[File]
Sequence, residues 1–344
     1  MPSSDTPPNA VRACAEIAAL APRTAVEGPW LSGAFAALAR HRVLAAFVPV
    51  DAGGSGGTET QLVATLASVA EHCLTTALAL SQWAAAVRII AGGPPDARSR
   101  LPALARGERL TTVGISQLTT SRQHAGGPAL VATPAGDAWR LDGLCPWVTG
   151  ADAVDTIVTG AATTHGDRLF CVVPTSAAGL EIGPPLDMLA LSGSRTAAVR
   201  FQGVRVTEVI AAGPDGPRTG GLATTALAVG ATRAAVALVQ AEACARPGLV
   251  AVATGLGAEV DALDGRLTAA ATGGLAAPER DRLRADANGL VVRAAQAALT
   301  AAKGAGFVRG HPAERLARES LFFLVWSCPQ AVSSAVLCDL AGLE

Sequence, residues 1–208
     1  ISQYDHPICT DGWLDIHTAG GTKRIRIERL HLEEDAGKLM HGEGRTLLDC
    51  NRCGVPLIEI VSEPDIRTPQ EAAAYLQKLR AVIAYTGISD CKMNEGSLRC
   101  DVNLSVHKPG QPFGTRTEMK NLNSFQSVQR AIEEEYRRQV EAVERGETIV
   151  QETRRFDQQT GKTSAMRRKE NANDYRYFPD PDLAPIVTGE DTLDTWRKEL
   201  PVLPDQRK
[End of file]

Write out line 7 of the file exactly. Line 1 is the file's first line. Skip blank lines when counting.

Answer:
   251  AVATGLGAEV DALDGRLTAA ATGGLAAPER DRLRADANGL VVRAAQAALT